Campaign Review: AAMI, Asics, and Toyota compete in Olympic special

In Campaign Review, Mumbrella invites the industry’s creatives and strategists to offer their views on recent ad campaigns. This week: a special edition of Campaign Review sees 303 MullenLowe's John Linton and The Hallway's Simon Lee compare the Olympic campaigns from AAMI, Asics, and Toyota.

Brand: AAMI

Campaign:Cover for the everyday arena

Agency: Ogilvy Melbourne

The verdict: Silver medal

John Linton, head of planning at 303 MullenLowe Perth, says:

Ah… the Olympics. Who doesn’t love the great 4/5-yearly tradition of becoming emotionally invested in Laser Sailing and chastising 19-year-olds for losing half a second between their 100m heat and the final.

While watching this smorgasbord of sporting achievement, the other thing that stood out to me was this ad. And, given the wall-to-wall sponsor messaging that’s a big tick to the creative agency for getting my attention.

Between the absurdity of ‘Keith’s’ dilemma and the triumphant soundtrack, it’s just enough to deliver a wry smile while I wait for Hamish McLachlan to return to my screen. It’s a sound evolution of the existing ‘AAMI Does’ platform and is packed with enough of the brand’s codes to ensure post-campaign brand metrics are strong. However, if as per the press release this campaign was supposed to communicate AAMI’s superior cover… that’s not coming through in any meaningful way.

Rating: 6/10

Simon Lee, executive creative director and partner at The Hallway, says:

When I saw this spot on TV, I did have a chuckle at the Aussie backyard barbecue answer to the olympic torch. The burning sausage on the end of a fork is a funny, memorable motif that has good creative legs. I don’t feel this spot really does it justice though.

I’d have loved to have seen a more single minded execution that develops the idea of the “Olympic” burning sausage relay further. And what’s going on with the voiceover copy? “Not all the action happens at the stadium, eh Keith. Luckily when accidents happen AAMI can help cover it. Who helps cover the challenges of the everyday arena? AAMI does.” The last sentence on its own would have more than done the job and made the whole spot simpler and stronger. Feels like a case of Microsoft packaging disorder. All of that said, it still made me laugh, for which I am grateful.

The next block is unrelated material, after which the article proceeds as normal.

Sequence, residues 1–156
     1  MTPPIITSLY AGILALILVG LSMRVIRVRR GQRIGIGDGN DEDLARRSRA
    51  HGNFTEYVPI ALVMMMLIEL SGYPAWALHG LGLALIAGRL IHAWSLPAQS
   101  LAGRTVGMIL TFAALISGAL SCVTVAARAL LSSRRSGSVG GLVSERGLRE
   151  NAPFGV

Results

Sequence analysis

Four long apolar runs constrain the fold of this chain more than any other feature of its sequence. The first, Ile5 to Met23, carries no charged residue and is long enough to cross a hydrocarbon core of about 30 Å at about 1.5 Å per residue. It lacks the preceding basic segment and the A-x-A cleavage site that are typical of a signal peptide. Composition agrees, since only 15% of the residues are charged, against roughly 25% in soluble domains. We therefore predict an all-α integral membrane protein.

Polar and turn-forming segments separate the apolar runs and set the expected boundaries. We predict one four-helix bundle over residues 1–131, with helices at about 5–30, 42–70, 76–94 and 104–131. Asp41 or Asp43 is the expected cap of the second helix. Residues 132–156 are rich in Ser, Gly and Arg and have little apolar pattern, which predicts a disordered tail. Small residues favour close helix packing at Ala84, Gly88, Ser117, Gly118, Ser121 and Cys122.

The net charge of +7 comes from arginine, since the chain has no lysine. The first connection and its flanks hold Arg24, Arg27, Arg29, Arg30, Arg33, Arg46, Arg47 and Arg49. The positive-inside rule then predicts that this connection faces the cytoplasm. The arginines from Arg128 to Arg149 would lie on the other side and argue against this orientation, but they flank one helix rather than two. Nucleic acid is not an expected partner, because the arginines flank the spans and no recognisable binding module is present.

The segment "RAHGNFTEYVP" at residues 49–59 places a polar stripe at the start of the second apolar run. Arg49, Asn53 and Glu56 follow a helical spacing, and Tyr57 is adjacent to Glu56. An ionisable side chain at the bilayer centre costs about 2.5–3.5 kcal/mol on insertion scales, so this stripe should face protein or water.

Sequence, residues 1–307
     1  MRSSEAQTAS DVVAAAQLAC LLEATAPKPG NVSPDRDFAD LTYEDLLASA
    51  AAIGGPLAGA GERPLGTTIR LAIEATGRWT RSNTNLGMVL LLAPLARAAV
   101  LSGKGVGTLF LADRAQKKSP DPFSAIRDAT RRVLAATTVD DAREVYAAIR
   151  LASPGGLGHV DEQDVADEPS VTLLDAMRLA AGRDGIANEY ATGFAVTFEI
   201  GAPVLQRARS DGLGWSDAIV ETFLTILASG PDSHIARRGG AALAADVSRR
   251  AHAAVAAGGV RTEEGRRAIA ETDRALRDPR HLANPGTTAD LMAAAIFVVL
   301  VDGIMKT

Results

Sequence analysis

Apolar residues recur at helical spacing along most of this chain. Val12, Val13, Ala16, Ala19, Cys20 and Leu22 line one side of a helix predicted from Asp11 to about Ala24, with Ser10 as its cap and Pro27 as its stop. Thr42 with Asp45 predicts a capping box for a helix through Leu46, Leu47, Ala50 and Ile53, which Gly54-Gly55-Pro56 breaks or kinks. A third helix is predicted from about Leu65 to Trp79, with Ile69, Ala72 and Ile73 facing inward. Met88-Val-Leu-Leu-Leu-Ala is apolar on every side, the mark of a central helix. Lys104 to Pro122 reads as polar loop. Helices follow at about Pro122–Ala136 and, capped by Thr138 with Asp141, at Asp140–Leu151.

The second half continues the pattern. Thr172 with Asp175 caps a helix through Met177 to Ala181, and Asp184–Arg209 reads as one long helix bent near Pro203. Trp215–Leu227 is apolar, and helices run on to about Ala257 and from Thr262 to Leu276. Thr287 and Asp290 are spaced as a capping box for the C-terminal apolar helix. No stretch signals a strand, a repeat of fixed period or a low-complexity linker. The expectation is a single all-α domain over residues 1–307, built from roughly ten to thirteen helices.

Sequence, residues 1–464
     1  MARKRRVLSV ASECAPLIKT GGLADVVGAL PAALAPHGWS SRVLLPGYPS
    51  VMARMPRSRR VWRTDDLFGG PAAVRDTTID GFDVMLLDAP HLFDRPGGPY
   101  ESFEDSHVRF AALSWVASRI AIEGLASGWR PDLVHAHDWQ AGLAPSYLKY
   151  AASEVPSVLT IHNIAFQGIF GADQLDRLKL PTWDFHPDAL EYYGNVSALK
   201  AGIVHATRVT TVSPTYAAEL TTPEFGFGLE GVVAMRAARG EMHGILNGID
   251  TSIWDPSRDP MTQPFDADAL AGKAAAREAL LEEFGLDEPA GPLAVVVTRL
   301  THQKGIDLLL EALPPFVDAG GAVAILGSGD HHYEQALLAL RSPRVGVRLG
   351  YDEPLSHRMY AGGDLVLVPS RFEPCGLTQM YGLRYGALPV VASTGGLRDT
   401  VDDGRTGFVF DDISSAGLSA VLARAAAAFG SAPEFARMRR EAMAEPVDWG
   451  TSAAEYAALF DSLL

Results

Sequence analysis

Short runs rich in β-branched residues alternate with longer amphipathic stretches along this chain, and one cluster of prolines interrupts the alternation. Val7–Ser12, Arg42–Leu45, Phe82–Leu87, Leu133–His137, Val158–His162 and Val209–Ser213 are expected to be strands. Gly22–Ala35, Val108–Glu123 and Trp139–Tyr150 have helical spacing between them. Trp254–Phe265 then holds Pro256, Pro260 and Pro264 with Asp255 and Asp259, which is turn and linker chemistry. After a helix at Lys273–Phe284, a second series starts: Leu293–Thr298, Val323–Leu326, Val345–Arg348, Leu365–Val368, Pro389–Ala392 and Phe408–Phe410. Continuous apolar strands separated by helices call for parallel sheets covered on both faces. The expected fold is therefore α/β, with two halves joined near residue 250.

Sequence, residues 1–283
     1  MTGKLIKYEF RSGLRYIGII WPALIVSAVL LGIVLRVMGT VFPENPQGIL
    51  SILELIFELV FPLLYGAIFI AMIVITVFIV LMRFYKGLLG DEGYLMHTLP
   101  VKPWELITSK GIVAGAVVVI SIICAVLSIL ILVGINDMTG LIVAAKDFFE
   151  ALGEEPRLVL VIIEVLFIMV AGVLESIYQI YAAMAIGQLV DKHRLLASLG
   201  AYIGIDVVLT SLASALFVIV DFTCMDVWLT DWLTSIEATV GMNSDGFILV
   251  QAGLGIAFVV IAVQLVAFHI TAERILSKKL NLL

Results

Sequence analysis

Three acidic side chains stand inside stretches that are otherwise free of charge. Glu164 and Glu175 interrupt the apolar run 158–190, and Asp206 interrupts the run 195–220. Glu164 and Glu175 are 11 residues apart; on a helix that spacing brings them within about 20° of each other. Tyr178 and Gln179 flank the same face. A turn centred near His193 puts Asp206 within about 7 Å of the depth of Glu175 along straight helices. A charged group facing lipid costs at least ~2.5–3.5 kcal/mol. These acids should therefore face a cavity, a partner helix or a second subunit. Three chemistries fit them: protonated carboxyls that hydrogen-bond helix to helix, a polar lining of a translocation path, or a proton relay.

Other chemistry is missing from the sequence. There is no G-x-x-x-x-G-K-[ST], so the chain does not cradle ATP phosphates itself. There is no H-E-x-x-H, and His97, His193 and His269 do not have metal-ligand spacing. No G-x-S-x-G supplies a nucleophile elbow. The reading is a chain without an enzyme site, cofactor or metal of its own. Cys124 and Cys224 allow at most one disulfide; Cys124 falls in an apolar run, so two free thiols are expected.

Rating: 5/10

Brand: Asics

Campaign:Be Moved

Agency: Chisel

The verdict: Bronze medal

Linton says:

Of the three ads on the table, Asics’ ‘Be Moved’ had the most emotional truth to it.

There’s an undeniable lift that the Olympics gives us. We watch, we’re inspired and we feel that little bit of extra motivation to get up and be our own Olympian… even if that’s 500m intervals around the local school oval.

Is this the most original way in to communicating an Olympics-grounded message? Not really… it’s a little safe… but it’s logical and I can understand why Asics went there.

From an executional perspective I think the biggest thing that lets this piece down is the wall-to-wall VO. It’s constant… and over-explains the idea to the point that there’s little left for the viewer to draw out themselves and connect with. I can only imagine how great this could have been if the idea was given a lot more room to breathe.

Rating: 5/10

Lee says:

I’ve definitely been craving a big, emotional, inspiring Olympics ad. I really do want to BE MOVED, but this ad doesn’t do it for me.

The first few seconds, both visually and musically seem to suggest the start of a big emotional journey akin to P&G’s classic 2012 “Thank You Mom” ad, but then any semblance of real storytelling is shelved and the spot descends into a cliched voiceover-driven montage of slick sporting footage to music. An earnestly delivered manifesto might sound great in a presentation, but doesn’t necessarily make a great ad. This feels like a missed opportunity: the production values are pretty high, so good money has been spent, I just wished they’d spent some of it on developing a great story with which to touch our hearts.

Rating: 4/10

Brand: Toyota

Campaign:Breaking Point

Agency: Saatchi & Saatchi

The verdict: Gold medal

Linton says:

What I love about this is that it’s not the standard big brand sports sponsorship ad we’ve seen time and again. There’s a unique brand action story here and Toyota have made an excellent decision choosing to focus on it. Purpose-driven comms can often feel superficial and token, but there’s real sense of substance here which makes it more interesting.

Executionally, the only thing that lets this down for me is the end VO. It’s very polished and corporate, and because of that jars with the authenticity and rawness of the rest of the ad.

Rating: 7/10

Lee says:

In comparison with the other two spots in this Olympic ad selection, the first thing I like about this film is its economy of messaging. This frees up time and space for a gritty cinematic spectacle that has been well crafted. The harsh backstreet vibe of the piece cuts through amongst the habitual clean cut brightly aspirational imagery of the Olympics, as does Ryley Batt’s angry badass performance in his wheelchair.

It’s no conceptual masterpiece, but it does the job it’s supposed to do and does it well. I like.

Rating: 7/10

As told to Anna Macdonald. If you’re a senior creative or strategist who would like to take part in a future Campaign Review, please email


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